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Ocular Ultrasound: Retinal Detachment and Posterior Vitreous Detachment

2016-11-13T09:43:25+00:00

eye-painIt’s 3 am in the middle of your busy night shift and you begin your evaluation of a 65 year-old woman with diabetes with several hours of unilateral flashes of light in her left eye. Her visual fields seem normal, but you are unable to see her fundus with your direct ophthalmoscope. Luckily, you remembered the teaching from your ultrasound rotation during residency.

Ocular Ultrasound Technique

  1. Let the patient know your plan: placing ultrasound gel and a probe over her eye. To make the exam more comfortable for the patient (and reduce the chances of getting ultrasound gel into the eye), place a transparent adhesive dressing on the patient’s closed eye. A linear transducer (10-5 MHz) will offer a high level of resolution with adequate depth, as the eye is a superficial structure. Stabilize your hand on the patient’s nasal bridge or zygoma, and gently place the transducer on the closed eyelid (probe marker facing to the patient’s right).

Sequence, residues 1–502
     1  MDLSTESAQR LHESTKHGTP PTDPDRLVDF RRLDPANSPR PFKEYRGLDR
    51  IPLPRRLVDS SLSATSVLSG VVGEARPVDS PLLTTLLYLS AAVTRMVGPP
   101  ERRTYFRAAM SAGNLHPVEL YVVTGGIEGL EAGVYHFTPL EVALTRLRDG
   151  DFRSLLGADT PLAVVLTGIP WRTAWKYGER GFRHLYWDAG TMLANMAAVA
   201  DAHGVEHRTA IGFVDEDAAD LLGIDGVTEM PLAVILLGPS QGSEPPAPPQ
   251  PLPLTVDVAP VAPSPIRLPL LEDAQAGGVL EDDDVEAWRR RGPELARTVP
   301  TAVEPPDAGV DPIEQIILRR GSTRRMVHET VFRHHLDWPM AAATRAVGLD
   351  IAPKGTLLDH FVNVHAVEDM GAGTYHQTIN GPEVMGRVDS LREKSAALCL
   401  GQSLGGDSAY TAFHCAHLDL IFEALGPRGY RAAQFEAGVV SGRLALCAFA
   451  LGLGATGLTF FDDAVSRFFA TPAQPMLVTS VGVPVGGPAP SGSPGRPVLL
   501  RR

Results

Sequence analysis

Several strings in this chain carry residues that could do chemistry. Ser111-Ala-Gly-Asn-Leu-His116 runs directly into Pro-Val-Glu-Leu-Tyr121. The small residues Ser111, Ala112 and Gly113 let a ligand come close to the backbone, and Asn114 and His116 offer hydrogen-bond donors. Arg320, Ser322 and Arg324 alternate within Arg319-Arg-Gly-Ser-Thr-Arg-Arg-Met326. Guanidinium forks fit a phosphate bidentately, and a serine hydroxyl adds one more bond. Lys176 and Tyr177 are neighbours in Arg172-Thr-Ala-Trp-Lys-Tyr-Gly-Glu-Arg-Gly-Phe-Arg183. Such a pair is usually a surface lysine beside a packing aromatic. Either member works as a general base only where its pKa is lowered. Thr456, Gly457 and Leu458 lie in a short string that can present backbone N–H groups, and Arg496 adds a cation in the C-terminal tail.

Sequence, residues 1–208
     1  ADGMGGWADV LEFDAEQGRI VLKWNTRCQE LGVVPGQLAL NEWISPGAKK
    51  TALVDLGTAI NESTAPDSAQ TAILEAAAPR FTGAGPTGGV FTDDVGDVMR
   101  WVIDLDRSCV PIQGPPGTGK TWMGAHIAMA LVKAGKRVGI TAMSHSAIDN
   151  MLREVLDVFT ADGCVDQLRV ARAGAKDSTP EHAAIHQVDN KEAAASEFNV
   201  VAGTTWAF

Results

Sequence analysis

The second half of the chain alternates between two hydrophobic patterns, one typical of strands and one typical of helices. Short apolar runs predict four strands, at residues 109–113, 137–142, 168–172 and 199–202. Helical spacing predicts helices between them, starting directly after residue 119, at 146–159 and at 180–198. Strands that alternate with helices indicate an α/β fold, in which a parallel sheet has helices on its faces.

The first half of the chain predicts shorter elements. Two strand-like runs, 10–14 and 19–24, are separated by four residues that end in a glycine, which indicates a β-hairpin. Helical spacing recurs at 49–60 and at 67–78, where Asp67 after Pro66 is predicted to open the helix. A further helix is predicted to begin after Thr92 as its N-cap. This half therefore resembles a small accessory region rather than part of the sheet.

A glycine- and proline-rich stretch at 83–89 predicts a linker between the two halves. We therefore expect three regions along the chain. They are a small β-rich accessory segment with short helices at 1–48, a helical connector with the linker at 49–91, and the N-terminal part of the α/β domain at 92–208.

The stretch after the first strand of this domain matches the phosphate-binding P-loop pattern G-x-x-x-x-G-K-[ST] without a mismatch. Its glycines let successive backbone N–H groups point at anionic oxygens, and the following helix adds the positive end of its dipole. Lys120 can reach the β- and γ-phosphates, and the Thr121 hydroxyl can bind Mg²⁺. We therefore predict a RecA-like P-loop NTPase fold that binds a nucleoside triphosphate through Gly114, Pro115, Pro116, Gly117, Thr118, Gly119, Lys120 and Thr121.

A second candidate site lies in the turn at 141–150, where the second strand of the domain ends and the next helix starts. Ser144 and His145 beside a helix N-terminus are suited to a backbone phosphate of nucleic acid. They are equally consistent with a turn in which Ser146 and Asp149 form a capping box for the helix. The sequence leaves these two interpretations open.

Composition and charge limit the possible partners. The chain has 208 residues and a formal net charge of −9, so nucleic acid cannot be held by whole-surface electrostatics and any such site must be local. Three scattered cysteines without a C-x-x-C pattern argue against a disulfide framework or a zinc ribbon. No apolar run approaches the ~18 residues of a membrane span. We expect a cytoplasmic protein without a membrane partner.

PIC1

  1. With a normal gain setting, adjust your depth to ensure that you can see the posterior segment of the eye and the optic nerve. Once basic structures are identified, reduce the gain until the vitreous is black (anechoic). Ask the patient to move her closed eye from left to right. This is called oculokinetic echography, and allows a clear examination of vitreous abnormalities that are not firmly attached to the retina. 
  1. Retinal detachment (RD) will be visualized in normal and often low gain settings. A RD has the appearance of a thick cord that is attached to the back wall of the eye and moves with eye movement. If the RD is large, the flap will be attached firmly to the optic nerve sheath. For small RDs, the sonographer should carefully evaluate multiple axes of the eye (horizontal and vertical) to look for a tethered flap adherent to the back wall of the eye. In contrast, posterior vitreous detachments (PVD), are only loosely adherent and will move freely with kinetic echography.
  1. Once you have interrogated the vitreous body at normal settings, slowly increase the gain. Often, high gain will allow abnormalities of the vitreous to be better visualized. Vitreous hemorrhages (VH) and posterior vitreous detachments (PVD) will be apparent as the gain is increased. In contrast to RD, a PVD takes on a “swaying seaweed” appearance. It is seen as a thin, linear structure, which is not tethered to the optic disc. As the patient moves her eye, the linear flap will float back and forth, cross the optic nerve and will not be tethered to the back wall.

  1. VHs will be seen as diffuse mobile opacities on high gain, taking on a “snow globe” appearance. Commonly seen in diabetics or after a concurrent PVD, patients commonly present with floaters. Even though not an ophthalmologic emergency, the ED sonographer should be able to recognize VHs, and ensure the lack of underlying posterior segment pathology (PVD and/or RD). 

Summary